Two local programs help amphibians cross the road

ADDISON COUNTY — It is almost that time of year when calls from spring peepers announce the migration of amphibians from their winter homes on high ground to breeding sites in wetlands to mate and lay eggs.
Imagine the scene. After months deep underground or in a frozen state of torpor, salamanders and frogs emerge en masse on wet, warm early spring nights and begin their march to breeding grounds. It is easy to be intrigued by these seldom-seen amphibians. They radiate charisma, determination and moxie on even the rainiest evening.
However, when the route to and from the breeding ground crosses a busy road, they are in great peril. At the most dangerous crossings, amphibians may suffer 50 percent mortality. Across Vermont, concerned individuals attempt to alter amphibians’ lethal odds by moving them off the road during nights of significant movement.
Two local efforts will support their safe transit this spring. One is an indoor workshop and the other is a long-time volunteer project. Both are initiatives of local groups.
The Cornwall Conservation Commission has a program on March 21, from 6:30-8 p.m. at the Cornwall Town Hall with biologist Sean Beckett from North Branch Nature Center. Sean’s presentation, “Amphibian Ecology and Road Rescue Training” will describe how to be a helpful “crossing guard,” assisting at local road crossings. He will also talk about North Branch’s Amphibian Road Crossing Citizen Science Project. Volunteers are recruited to rescue thousands of amphibians in local communities and record this migration data for future use by ecologists and town planners. Families are welcome to attend the workshop. For more information, contact Mary Dodge at 802-462-2899.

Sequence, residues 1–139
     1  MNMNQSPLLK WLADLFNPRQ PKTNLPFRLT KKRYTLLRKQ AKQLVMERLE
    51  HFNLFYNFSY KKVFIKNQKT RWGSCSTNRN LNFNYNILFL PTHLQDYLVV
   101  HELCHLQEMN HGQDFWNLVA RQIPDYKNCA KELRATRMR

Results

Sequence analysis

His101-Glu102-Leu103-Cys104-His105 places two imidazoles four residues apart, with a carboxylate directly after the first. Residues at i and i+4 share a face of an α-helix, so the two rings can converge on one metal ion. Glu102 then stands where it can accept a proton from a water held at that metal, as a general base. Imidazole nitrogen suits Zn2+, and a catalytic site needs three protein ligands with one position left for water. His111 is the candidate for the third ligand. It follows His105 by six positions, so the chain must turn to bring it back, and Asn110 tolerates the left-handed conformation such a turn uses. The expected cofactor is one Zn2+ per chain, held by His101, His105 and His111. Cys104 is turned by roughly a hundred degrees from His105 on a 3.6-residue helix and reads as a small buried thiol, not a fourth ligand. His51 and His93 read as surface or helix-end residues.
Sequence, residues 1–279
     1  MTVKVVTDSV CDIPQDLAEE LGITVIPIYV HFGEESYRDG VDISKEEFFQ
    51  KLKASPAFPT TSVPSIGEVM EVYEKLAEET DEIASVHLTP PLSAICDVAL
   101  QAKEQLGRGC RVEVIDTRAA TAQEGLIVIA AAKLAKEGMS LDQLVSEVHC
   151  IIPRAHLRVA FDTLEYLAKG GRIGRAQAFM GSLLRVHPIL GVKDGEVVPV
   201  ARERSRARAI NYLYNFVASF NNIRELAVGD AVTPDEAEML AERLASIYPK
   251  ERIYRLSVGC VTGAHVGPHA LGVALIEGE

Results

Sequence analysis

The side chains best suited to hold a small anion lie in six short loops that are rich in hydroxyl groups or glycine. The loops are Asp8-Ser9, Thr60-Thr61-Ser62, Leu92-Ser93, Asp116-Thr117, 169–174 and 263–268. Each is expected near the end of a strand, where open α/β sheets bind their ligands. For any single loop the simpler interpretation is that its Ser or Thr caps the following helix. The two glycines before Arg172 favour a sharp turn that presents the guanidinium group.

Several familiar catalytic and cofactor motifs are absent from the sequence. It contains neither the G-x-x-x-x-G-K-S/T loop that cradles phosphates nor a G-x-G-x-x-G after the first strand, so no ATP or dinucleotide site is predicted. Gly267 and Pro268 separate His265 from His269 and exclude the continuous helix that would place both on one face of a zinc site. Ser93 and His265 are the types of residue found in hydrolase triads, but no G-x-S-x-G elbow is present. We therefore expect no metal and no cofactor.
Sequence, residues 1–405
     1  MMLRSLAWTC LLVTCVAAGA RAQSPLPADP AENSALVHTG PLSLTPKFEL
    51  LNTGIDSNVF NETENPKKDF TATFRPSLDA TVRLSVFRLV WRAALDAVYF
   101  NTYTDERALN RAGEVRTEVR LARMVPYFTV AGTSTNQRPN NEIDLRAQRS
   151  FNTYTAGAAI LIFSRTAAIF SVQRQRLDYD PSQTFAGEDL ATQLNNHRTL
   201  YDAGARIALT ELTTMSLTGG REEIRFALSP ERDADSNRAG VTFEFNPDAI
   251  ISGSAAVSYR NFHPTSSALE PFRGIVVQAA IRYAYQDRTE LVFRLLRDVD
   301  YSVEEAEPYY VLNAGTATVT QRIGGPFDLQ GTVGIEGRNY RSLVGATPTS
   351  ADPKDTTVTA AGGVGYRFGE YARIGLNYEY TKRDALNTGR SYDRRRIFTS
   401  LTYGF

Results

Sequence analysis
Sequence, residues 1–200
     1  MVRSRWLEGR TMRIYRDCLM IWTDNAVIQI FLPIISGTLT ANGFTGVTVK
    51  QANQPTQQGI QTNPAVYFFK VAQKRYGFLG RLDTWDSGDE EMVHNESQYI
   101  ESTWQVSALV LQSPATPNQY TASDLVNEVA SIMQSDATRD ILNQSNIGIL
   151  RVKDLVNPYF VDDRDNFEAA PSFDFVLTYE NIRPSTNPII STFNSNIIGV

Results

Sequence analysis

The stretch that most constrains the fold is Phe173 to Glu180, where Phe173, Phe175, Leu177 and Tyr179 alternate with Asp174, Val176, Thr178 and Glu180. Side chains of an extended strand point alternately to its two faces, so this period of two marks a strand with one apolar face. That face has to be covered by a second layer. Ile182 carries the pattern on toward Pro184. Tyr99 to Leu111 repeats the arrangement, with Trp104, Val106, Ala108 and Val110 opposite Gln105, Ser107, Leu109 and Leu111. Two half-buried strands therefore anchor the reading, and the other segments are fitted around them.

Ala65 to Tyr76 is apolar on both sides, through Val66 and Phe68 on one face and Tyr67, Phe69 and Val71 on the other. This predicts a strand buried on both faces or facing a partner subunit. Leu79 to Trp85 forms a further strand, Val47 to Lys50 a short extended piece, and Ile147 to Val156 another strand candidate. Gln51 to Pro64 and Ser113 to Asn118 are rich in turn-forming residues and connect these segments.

Meanwhile, Otter Creek Audubon Society and the Salisbury Conservation Commission are in their sixteenth year of patrolling an amphibian site in Salisbury. The site has large numbers of amphibians and remarkable diversity — four salamander and three frog species. On one “Big Night,” more than a thousand amphibians were moved in a two-hour period. The Salisbury crossing has little traffic and affords the opportunity to experience this remarkable natural phenomenon first hand.
If interested in being a “Salamander Escort,” sign up for this year’s email alert. The 2019 window is Monday, March 18 to Sunday, April 7. Registrants will receive an email on the morning of a projected good night and then a confirming email at about 6 p.m. Movement starts around 8:15 p.m. and can run for several hours.
Volunteers may arrive and leave when they wish and are responsible for their own safety and the safety of others in their group. Upon arrival OCAS provides species identification tips and guidelines for appropriate behavior. The goal is to record the numbers of each species moved for two hours. Sign up at [email protected].

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